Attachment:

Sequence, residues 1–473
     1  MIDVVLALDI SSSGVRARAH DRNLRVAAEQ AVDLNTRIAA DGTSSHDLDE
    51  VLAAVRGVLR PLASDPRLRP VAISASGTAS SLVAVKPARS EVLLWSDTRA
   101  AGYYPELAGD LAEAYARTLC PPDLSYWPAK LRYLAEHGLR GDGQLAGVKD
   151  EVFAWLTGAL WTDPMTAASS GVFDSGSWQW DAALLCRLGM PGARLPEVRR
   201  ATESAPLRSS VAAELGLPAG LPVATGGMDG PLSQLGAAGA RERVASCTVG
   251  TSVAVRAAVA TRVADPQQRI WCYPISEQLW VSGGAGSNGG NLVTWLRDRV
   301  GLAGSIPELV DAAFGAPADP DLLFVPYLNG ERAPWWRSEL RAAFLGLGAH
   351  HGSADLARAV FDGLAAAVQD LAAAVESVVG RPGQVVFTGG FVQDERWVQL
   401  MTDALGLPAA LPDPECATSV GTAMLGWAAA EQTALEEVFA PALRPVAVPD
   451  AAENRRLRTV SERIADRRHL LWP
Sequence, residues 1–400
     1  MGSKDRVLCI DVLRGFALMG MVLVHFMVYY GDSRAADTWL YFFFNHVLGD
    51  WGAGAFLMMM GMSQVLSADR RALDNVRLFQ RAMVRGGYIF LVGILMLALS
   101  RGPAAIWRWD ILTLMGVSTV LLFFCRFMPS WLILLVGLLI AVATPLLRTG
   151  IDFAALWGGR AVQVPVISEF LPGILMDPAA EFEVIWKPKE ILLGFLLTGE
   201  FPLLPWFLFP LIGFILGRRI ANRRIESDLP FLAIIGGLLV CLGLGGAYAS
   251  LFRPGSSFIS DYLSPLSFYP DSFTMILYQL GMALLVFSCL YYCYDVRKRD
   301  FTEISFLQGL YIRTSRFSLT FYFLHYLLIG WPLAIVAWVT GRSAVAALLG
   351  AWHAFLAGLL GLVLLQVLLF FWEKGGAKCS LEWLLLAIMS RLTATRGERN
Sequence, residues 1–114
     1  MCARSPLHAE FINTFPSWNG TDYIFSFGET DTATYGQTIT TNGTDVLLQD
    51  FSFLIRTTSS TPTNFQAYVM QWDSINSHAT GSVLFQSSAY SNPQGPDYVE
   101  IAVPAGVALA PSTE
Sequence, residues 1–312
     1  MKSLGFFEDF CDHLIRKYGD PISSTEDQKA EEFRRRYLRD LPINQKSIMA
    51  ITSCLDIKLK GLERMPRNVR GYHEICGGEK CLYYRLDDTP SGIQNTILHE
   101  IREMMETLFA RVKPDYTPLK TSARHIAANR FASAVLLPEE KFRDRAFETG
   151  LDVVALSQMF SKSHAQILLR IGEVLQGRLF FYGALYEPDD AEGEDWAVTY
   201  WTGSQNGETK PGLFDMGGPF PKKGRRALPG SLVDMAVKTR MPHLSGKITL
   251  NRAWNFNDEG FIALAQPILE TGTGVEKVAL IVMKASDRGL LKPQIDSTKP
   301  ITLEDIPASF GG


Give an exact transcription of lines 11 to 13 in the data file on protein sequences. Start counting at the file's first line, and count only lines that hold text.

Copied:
   451  AAENRRLRTV SERIADRRHL LWP
Sequence, residues 1–400
     1  MGSKDRVLCI DVLRGFALMG MVLVHFMVYY GDSRAADTWL YFFFNHVLGD